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dc.contributor.authorElson, Kate Christieen_US
dc.date.accessioned2015-08-04T15:37:05Z
dc.date.available2015-08-04T15:37:05Z
dc.date.issued2013
dc.date.submitted2013
dc.identifier.urihttps://hdl.handle.net/2144/12095
dc.descriptionThesis (M.F.A.)--Boston Universityen_US
dc.description.abstractThe goal of this thesis is to explore the subject of mental illness in current American comedy films. Its focus centers upon comedic depictions of two classes of diseases: those within the category of Anxiety Disorders and Clinical Depression and related illnesses. Further, I discuss differences between depictions ofthe two. This thesis also details the cultural importance of the comedic genre in America and the dissonance between the genre's rigid structure, the nature of mental illness and our current lifestyle. It also explains our nation's complex and at times contradictory relationship with mental illness as a cultural and social phenomenon and illustrates how these contradictions play out within the entertainment industry. Lastly, my focus centers upon the ways in which America's dominant ideologies clash with the reality experienced by mental illness sufferers and discusses film's role both in perpetrating pre-existing ideologies and in challenging them by creating new perspectives.en_US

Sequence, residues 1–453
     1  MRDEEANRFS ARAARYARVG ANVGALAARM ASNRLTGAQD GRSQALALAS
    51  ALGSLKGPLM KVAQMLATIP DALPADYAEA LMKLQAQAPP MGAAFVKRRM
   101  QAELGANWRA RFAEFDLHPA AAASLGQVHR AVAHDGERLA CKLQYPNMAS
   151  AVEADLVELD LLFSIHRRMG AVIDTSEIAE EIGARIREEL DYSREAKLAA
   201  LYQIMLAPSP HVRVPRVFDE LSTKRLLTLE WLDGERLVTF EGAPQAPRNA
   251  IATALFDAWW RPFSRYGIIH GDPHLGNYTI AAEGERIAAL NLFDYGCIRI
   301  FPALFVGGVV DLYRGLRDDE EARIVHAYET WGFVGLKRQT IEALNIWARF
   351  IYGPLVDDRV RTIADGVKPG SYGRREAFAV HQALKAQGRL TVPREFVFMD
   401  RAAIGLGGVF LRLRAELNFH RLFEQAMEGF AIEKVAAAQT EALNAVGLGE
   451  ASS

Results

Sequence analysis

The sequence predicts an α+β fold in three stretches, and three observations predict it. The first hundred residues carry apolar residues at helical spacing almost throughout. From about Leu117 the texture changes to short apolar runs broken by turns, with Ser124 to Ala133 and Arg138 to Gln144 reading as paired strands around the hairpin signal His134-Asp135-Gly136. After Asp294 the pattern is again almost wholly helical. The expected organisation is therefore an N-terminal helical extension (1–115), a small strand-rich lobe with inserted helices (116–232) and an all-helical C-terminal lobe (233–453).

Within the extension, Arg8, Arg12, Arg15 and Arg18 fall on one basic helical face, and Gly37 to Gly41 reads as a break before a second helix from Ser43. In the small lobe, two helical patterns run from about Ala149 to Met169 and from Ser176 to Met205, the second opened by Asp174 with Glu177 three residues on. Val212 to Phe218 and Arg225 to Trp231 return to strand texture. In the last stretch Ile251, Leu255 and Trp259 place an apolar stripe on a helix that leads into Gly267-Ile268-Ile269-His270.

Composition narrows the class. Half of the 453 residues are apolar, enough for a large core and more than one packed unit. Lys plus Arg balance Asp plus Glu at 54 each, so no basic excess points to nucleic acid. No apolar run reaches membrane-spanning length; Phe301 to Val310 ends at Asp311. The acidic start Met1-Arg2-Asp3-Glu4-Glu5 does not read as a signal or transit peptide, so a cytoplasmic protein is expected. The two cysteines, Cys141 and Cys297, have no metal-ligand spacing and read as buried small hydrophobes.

dc.language.isoen_USen_US
dc.publisherBoston Universityen_US
dc.titleMental illness in American comedyen_US
dc.typeThesis/Dissertationen_US
etd.degree.nameMaster of Fine Artsen_US
etd.degree.levelmastersen_US
etd.degree.disciplineFilm and Television Studiesen_US
etd.degree.grantorBoston Universityen_US


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